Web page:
The Post-9/11 GI Bill, passed by Congress last year, is the most extensive educational assistance program authorized since the original GI Bill was signed into law in 1944. It provides eligible individuals with tuition payments to assist them in getting a college education.
Many participants will also receive a housing allowance while they’re studying and a stipend for books and supplies. Under the new GI Bill, certain members of the armed forces may transfer benefits to a spouse or dependent children.
With the large numbers of Veterans and servicemembers expected to apply for the new program, VA projects a 20 percent to 25 percent increase in the total number of participants in VA’s education programs.
Qualified people will receive a “Certificate of Eligibility” and information about their benefits under the Post-9/11 GI Bill. Applicants may expect to receive their certificate within 24 days of submission. Under federal law VA cannot pay benefits until Aug. 1, 2009. The new education benefit is for Veterans, servicemembers, reservists, and National Guard members who have served on active duty since September 11, 2001.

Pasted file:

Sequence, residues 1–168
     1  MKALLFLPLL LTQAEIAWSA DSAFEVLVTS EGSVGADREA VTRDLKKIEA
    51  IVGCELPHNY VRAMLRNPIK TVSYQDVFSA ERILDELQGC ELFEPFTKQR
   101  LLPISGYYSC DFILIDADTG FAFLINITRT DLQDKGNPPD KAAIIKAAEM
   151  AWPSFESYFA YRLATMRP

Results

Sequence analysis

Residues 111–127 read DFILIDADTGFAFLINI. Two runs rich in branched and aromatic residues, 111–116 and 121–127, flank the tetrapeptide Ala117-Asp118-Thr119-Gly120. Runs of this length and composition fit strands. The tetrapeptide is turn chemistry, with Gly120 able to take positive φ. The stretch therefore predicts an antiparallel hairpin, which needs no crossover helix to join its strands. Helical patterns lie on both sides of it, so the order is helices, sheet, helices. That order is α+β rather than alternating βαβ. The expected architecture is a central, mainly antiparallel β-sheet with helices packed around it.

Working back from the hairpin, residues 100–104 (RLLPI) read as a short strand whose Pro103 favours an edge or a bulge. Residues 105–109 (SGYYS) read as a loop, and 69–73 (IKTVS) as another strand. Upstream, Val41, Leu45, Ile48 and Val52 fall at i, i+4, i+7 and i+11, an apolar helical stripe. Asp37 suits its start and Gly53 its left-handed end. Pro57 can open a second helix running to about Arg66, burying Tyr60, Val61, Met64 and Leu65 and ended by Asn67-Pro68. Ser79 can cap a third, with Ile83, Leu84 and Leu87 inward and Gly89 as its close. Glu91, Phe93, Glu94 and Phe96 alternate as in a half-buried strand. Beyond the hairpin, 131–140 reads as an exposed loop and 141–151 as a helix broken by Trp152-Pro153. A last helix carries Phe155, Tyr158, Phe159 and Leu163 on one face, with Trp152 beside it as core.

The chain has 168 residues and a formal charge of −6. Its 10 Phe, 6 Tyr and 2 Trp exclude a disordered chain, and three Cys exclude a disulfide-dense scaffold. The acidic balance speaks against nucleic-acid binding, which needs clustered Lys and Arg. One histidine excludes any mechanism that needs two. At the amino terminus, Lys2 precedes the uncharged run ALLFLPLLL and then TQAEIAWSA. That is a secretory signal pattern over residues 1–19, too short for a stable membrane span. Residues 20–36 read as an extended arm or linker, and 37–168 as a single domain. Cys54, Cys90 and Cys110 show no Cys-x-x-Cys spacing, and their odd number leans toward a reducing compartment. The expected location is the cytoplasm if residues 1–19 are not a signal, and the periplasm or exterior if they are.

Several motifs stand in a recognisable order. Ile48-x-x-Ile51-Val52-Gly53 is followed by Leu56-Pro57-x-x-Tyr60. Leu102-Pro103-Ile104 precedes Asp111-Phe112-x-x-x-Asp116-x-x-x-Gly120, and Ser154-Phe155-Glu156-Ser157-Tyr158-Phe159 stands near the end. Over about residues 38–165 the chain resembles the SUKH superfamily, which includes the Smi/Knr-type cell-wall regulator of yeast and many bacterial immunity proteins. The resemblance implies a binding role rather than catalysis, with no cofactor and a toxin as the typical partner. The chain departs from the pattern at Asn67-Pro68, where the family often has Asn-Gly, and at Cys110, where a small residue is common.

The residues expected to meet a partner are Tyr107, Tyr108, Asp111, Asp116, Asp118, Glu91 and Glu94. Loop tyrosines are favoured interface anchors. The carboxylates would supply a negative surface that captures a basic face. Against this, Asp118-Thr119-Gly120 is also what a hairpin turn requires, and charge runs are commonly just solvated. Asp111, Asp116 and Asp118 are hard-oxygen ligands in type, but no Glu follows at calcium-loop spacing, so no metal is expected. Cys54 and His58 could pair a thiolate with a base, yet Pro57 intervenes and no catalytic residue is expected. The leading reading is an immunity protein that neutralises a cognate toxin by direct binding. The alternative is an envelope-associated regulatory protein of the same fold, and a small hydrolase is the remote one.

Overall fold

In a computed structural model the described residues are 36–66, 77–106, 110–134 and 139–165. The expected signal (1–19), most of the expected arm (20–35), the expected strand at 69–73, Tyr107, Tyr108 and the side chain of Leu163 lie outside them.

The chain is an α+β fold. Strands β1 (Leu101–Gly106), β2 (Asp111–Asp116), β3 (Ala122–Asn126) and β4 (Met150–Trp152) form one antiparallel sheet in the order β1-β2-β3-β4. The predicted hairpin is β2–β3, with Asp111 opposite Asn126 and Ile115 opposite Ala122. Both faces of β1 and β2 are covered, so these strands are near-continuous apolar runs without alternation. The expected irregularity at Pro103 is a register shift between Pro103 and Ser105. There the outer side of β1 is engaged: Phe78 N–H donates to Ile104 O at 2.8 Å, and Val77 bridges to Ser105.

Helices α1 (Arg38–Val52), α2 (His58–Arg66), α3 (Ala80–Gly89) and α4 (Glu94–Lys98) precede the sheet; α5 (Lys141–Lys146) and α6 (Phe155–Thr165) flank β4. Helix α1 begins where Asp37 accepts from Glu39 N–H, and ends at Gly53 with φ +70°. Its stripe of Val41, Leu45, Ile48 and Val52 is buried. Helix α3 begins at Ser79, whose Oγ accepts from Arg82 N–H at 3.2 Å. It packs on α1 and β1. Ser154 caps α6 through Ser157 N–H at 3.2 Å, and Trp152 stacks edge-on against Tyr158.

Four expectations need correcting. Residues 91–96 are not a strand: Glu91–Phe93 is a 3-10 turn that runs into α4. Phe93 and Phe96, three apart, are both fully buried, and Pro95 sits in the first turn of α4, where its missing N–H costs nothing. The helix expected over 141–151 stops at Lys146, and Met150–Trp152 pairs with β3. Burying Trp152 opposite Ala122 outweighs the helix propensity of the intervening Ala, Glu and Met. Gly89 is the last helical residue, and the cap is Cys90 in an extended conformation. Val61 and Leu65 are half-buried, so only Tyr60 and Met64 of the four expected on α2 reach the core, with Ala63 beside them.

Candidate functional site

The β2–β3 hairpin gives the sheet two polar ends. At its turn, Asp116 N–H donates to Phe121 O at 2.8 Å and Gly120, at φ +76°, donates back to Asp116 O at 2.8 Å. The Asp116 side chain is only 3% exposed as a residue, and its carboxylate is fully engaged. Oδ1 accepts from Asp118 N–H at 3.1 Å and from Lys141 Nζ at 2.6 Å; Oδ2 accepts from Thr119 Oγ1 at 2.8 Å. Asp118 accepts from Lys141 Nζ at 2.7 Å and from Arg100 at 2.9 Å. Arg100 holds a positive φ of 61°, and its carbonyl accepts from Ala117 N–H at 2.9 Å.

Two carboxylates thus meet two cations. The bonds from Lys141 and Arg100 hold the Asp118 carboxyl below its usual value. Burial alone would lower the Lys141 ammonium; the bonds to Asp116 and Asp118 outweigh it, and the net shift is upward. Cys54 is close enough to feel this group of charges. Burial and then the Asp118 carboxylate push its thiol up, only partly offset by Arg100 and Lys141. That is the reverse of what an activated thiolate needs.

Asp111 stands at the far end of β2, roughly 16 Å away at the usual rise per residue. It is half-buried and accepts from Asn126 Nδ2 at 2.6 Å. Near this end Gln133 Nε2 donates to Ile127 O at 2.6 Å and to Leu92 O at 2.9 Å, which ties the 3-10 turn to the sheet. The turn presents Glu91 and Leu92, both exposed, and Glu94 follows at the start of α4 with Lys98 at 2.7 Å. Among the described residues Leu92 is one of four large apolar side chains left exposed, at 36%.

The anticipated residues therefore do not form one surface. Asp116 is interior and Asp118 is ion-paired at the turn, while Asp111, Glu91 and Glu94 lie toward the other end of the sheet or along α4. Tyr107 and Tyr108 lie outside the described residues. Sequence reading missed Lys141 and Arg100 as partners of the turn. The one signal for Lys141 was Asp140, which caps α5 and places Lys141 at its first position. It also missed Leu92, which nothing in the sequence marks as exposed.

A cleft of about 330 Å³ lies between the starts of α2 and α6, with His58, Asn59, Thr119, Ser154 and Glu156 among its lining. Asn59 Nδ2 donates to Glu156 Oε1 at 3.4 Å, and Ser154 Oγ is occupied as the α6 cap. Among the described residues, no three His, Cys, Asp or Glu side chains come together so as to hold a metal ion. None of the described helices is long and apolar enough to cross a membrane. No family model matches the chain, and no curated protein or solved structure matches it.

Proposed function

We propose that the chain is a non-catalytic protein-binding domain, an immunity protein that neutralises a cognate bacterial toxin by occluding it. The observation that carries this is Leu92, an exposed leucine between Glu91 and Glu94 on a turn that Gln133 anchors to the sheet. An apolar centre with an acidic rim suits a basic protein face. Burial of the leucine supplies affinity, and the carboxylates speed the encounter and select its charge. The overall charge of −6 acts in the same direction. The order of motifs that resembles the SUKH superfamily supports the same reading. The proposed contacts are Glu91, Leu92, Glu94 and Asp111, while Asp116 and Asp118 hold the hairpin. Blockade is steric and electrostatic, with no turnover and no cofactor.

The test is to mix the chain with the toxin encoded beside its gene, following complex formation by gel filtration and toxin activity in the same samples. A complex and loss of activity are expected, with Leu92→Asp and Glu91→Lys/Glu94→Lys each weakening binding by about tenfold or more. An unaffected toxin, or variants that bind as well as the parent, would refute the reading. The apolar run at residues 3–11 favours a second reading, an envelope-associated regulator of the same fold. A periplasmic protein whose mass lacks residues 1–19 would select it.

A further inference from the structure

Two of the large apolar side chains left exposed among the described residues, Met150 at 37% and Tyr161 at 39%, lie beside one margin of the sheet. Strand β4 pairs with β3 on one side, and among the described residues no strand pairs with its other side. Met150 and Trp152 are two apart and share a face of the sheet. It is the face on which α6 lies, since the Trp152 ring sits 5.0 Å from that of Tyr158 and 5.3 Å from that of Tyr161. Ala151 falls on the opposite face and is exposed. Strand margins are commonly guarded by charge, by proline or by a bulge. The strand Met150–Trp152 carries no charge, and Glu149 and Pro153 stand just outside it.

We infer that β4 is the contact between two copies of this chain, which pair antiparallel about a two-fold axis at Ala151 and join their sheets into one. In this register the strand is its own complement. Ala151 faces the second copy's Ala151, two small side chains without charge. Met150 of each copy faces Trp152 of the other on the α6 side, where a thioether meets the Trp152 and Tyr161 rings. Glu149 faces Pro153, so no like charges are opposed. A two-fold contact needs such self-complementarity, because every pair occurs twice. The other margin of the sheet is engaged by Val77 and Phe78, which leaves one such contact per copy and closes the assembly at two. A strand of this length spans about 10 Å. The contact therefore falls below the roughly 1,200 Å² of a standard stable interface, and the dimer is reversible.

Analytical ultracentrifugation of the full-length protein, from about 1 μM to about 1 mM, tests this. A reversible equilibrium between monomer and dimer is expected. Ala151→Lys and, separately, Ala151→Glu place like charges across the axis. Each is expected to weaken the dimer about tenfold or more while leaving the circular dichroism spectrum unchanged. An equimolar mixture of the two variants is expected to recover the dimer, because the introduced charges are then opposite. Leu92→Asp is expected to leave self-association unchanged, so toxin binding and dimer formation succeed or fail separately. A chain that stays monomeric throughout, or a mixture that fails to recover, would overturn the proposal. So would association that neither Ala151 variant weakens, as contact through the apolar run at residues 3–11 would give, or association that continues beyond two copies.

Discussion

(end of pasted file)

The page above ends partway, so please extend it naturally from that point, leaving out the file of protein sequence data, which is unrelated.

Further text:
Veterans can also apply online through the GI Bill Web site at www.GIBILL.VA.gov. Additionally, paper applications are accepted at VA regional processing offices located in Muskogee, Okla.; Atlanta; St. Louis; and Buffalo, N.Y. Veterans who apply online and provide a specific e-mail address will receive an e-mail acknowledging receipt of their claims.